Opening for The Julie Ruin

More Mecca Normal videos and photos from the three shows we played with The Julie Ruin

Feminist Punk in 33 Songs

Mecca Normal’s “Man Thinks Woman” (1987) made the cut with a great write-up by Douglas Wolk for Pitchfork’s story of feminist punk in 33 songs. Posted August 8, 2016.

“Mecca Normal break rules like they never noticed them in the first place. The Vancouver-based duo of singer Jean Smith and guitarist David Lester are anarchist-feminist activists and constant experimentalists, implying a rhythm section with negative space alone. Always an intense presence onstage, they’ve become the most tenacious of D.I.Y. road warriors, touring and recording for 32 years now. In the early ’90s, they popped up on most of the biggest American indie-rock labels (Sub Pop, K, Matador); by their 25th anniversary, they were on the road with a performance-and-lecture project called “How Art & Music Can Change the World.”

Smith’s lyrics often foreground her political perspective; their anthem “Man Thinks ‘Woman,’” released in 1987, started out as a barbed dissection of gender normativity: “Man thinks ‘woman’ when he talks to me/Something not quite right.” The song kept expanding its radius from there, encompassing both bitter poetics and a disarmingly funny account of a drunken makeout gone weird. Kathleen Hanna has cited Smith as an early inspiration: “When I saw her,” she told The Fader, “I was just like, that’s it. I’m done. I’m sold.” – Douglas Wolk

“Man Thinks Woman” Super 8 film by David Lester

Oh%20Yes%20you%20Can!

“Oh Yes You Can!” 3 song 1987 K Records IPU 004

Artifacts from recent and related media

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Shameless Magazine’s review of Jessica Hopper’s book “The First Collection of Criticism by a Living Female Rock Critic” is a conversation between Nyala Ali and Laura Friesen.

“Hopper’s section Females collects her reviews of female musicians who, in different ways, shake up listeners’ expectations of what women performers should represent.

SWF, 45: Mecca Normal’s The Observer” is an album review that reflects on The Observer as a confessional narrative, and how it plays with and against expectations of what a 45-year-old single white female should sing about.

Hopper does seem really interested in ideas surrounding women’s songwriting – I’d say that all of the artists in the Females section are invested in rewriting not only the content but the purpose of confessional narratives. St. Vincent consciously refuses to give us the whole story, whereas Jean Smith of Mecca Normal turns these stories on their heads to expose the vulnerabilities of the people she’s singing about, these deficient men that she’s met through online dating. I really appreciated that she didn’t really internalize any of their shit, so to speak.”

Kathleen

Postcard from Kathleen Hanna to David Lester, 1991

Excerpt from an article called Sisters Outsiders The Oral History of the Bikini Kill E.P. by Jessica Hopper in BBB Magazine (London, UK) 2013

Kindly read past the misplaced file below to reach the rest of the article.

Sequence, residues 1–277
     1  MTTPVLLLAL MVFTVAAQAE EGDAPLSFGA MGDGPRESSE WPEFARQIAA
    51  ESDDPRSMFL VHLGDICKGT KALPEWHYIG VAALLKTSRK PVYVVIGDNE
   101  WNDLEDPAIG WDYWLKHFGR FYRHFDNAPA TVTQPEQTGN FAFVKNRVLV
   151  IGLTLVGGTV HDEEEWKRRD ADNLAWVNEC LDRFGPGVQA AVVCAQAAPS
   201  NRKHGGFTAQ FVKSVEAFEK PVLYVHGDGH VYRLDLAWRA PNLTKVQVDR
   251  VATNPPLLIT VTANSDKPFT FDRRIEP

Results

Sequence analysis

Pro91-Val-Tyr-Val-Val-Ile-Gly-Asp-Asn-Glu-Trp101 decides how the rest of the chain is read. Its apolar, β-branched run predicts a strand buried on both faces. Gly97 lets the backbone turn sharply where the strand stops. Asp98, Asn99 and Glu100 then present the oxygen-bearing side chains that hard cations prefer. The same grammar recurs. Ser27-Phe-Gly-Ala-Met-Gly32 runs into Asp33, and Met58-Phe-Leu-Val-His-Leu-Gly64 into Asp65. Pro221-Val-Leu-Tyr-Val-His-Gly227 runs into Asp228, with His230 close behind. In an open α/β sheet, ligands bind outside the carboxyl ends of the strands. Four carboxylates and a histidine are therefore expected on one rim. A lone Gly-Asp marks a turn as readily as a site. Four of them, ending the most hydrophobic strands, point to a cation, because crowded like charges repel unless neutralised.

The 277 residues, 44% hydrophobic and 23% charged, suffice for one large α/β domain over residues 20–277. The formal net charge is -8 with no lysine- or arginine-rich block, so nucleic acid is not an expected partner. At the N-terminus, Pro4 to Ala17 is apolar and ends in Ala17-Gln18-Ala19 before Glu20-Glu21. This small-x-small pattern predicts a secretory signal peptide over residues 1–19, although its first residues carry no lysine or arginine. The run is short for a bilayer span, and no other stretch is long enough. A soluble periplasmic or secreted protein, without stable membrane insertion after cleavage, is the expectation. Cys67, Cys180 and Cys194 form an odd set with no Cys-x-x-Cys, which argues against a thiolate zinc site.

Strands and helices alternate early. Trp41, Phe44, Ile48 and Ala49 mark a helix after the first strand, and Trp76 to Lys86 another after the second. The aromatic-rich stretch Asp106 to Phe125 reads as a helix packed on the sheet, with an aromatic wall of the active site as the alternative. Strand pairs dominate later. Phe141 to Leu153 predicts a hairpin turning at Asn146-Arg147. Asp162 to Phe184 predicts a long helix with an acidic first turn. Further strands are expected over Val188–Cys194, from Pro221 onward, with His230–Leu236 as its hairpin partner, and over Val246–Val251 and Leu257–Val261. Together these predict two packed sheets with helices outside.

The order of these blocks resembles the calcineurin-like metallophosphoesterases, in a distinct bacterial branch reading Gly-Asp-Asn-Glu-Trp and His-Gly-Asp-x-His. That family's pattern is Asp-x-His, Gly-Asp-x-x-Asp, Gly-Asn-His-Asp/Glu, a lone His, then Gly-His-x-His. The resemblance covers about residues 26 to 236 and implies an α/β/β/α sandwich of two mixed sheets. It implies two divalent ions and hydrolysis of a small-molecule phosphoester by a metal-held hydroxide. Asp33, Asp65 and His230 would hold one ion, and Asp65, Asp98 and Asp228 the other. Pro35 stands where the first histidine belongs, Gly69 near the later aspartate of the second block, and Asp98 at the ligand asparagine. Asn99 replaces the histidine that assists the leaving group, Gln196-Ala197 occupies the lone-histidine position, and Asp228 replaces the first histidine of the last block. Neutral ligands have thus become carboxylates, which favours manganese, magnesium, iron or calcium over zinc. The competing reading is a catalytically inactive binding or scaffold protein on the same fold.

Excerpt from a 2011 Spin Magazine article called Sisters Outsiders The Oral History of the Bikini Kill E.P. by Jessica Hopper

Record Store Day

Horses Records, Vancouver, B.C. on RSD 2015

Video by Wendy Atkinson

Video: Boating with Clyde

A fine time out on Lake Washington (near Seattle) in July of 2014 at the very start of a short Mecca Normal tour on the west coast.

Mecca Normal performed songs from the new album “Empathy for the Evil” and debuted “Anguish/Misogyny” which has grown in intensity since that day. It must be the only sitting down debut Mecca Normal has ever done!
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FREE “Malachi” poster by David Lester

Malachi-Poster-by-David-Lester-WEB

Download FREE poster by David Lester

Download FREE mp3 of Malachi (acoustic) on BandCamp

 David Lester – author, illustrator, musician

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How Art & Music Can Change the World classroom and art gallery event

How Art & Music Can Change the World

Classroom and Art Gallery Event

In 2002, How Art and Music Can Change the World was developed as a lecture, art exhibit and performance event for university classrooms, bookstores and community centres. Jean Smith and David Lester of the underground literary rock duo Mecca Normal intend to inspire audiences towards considering political content in their creative self-expression. In 2011, using what they’d learned presenting How Art and Music Can Change the World, Jean Smith created an adaptation of David Lester’s graphic novel The Listener.

Performance
Art Exhibit
Talk

“Who cares if there’s underground culture or not? Gap-Coke-Sony-Time-Warner satisfies our needs… don’t they?”

Referring to their extraordinary 25 year history in music, art and publishing Jean Smith and David Lester illustrate the reality of being artists and cultural activists, by revealing the behind-the-scenes workings of their long-standing D-I-Y collaboration. Jean and David de-mystify the work methods and philosophies that define their collaborative partnership, touring, writing and publishing, making art and music.

“How Art and Music Can Change The World” combines a seasoned performance-based pedagogy with a raw emotional and lyrical intensity — a culmination (so far) of the rock solid artistic integrity that has made Mecca Normal into an underground legend in its own time. –Ron Sakolsky — a scholar covering the intersection of music, revolution and radio. Read his entire review for Fifth Estate Magazine, spring 2011.